As I write this it’s 99 degrees outside with only a trace of rain in the past month. However, the calendar and long-range forecast says that the summer heat will soon give way to some cooler temps and wetter weather as we move toward fall.
At our ranch, we’re completing some pre-weaning shots for calves to be weaned this fall and soon we’ll be planting some summer/winter cover crops so we’ll have our ‘standing hay’ for our cattle in January and February. While our pastures are in excellent shape from the rainfall received to date, we do have a few coastal pastures to be fertilized so we can graze those until January as well as some perennial Fescue pastures that provide grazing through the winter for our fall calving pairs. And of course, we’ll pray for some timely rains, late frosts, and no army worms!
We are keeping a close eye on forage quality to see if any protein supplement is needed. Based on our initial tests in August, we were trending below average for Crude Protein levels at our ranch. We suspect this is due to the large amount of forage produced in late spring and early summer from the many blessings of rainfall received, and this older forage has declined in feed value as it matured. If our prayers are answered, then we’ll get some late summer rains to freshen it up just enough to get by.
I’m always excited to see our genetic progress each calving season, and the best way to measure that is by looking at the calves by our 1st calf heifers. Around mid-September, we’ll start to see calves from those gals. Then around October 1st, we’ll start to see calves from our mature cows, and I’m especially excited to see the ET (Embryo Transfer) calves that come from our most Legendary cows. These guys and gals will be the future seedstock for our herd and many of our customers. I’ll be sleeping easy since we rarely experience calving problems with our heifers or cows.
As we move into October, we’ll start to wean and vaccinate calves and we’ll be eager to see how those 1st calf heifers from the spring performed weaning their first calf. At the same time we wean calves, we’ll vaccinate and pregnancy test the cows with ultrasound. I’m always anxious to see the conception % and how early the cows are bred in our 60-day breeding season since we’re always trying to tighten that window down further and have made great progress towards this. Based on the exceptional condition of our pastures and cattle, I have very high expectations this year that we’ll have a low percentage of open cows and a high percentage of cows calving in the first 30 days.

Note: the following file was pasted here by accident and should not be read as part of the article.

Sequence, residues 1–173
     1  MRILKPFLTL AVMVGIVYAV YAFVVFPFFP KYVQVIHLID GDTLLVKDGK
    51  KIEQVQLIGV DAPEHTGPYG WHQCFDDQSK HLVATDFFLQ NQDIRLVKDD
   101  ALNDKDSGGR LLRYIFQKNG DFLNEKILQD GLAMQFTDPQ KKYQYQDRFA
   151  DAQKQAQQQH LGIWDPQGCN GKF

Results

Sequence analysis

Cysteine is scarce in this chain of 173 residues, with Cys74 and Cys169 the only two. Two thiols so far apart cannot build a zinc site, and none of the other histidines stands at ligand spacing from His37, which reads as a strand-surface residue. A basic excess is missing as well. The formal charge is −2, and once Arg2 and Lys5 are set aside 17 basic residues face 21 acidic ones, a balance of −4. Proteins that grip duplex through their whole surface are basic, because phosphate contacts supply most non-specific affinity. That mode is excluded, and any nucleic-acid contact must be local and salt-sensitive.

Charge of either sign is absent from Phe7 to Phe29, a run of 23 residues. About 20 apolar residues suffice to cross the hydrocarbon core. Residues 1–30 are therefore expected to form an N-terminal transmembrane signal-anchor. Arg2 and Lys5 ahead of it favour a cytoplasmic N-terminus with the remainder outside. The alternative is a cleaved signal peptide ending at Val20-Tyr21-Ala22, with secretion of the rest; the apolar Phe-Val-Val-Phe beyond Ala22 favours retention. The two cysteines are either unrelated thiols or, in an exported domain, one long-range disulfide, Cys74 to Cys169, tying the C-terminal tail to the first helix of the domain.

Finally, we’re planning an event for mid to late October at the ranch. We want to give our customers an opportunity to get an in-depth look at our program and provide them valuable information they can use to generate more profits back home. Stay tuned for more information as plans get finalized for this.
Fall is always a busy and exciting season at Legends. As you look forward to the fall season and beyond to a new decade, what goals and objectives do you have for your operation?
Be sure to sign up for our emails and watch our Facebook page for additional information about Legends Cattle Company, as well as future blogs and the October event at the ranch. All are welcome, and we hope to see you there!